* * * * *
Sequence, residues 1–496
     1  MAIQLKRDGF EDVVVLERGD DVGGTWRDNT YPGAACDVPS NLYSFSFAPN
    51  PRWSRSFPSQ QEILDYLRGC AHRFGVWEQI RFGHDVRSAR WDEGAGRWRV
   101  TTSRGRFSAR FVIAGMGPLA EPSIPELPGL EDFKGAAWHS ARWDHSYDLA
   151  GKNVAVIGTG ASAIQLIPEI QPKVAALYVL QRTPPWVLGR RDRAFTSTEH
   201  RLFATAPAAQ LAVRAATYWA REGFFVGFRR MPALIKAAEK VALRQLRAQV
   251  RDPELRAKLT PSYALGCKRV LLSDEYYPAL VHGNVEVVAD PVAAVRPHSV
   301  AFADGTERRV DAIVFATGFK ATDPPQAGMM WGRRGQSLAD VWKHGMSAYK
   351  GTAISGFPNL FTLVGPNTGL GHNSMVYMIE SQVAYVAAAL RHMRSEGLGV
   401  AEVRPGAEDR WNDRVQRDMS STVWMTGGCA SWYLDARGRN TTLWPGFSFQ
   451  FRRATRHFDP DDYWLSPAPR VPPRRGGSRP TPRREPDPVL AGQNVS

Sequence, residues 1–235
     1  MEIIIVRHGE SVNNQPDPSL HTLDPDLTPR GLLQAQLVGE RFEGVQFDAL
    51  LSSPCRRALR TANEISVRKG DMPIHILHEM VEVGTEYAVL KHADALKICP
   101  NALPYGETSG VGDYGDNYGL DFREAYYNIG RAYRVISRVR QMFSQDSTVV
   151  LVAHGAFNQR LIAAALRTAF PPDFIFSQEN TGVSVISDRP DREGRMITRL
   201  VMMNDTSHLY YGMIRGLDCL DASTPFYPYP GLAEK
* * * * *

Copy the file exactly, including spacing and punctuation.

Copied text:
Sequence, residues 1–496
     1  MAIQLKRDGF EDVVVLERGD DVGGTWRDNT YPGAACDVPS NLYSFSFAPN
    51  PRWSRSFPSQ QEILDYLRGC AHRFGVWEQI RFGHDVRSAR WDEGAGRWRV
   101  TTSRGRFSAR FVIAGMGPLA EPSIPELPGL EDFKGAAWHS ARWDHSYDLA
   151  GKNVAVIGTG ASAIQLIPEI QPKVAALYVL QRTPPWVLGR RDRAFTSTEH
   201  RLFATAPAAQ LAVRAATYWA REGFFVGFRR MPALIKAAEK VALRQLRAQV
   251  RDPELRAKLT PSYALGCKRV LLSDEYYPAL VHGNVEVVAD PVAAVRPHSV
   301  AFADGTERRV DAIVFATGFK ATDPPQAGMM WGRRGQSLAD VWKHGMSAYK
   351  GTAISGFPNL FTLVGPNTGL GHNSMVYMIE SQVAYVAAAL RHMRSEGLGV
   401  AEVRPGAEDR WNDRVQRDMS STVWMTGGCA SWYLDARGRN TTLWPGFSFQ
   451  FRRATRHFDP DDYWLSPAPR VPPRRGGSRP TPRREPDPVL AGQNVS

Sequence, residues 1–235
     1  MEIIIVRHGE SVNNQPDPSL HTLDPDLTPR GLLQAQLVGE RFEGVQFDAL
    51  LSSPCRRALR TANEISVRKG DMPIHILHEM VEVGTEYAVL KHADALKICP
   101  NALPYGETSG VGDYGDNYGL DFREAYYNIG RAYRVISRVR QMFSQDSTVV
   151  LVAHGAFNQR LIAAALRTAF PPDFIFSQEN TGVSVISDRP DREGRMITRL
   201  VMMNDTSHLY YGMIRGLDCL DASTPFYPYP GLAEK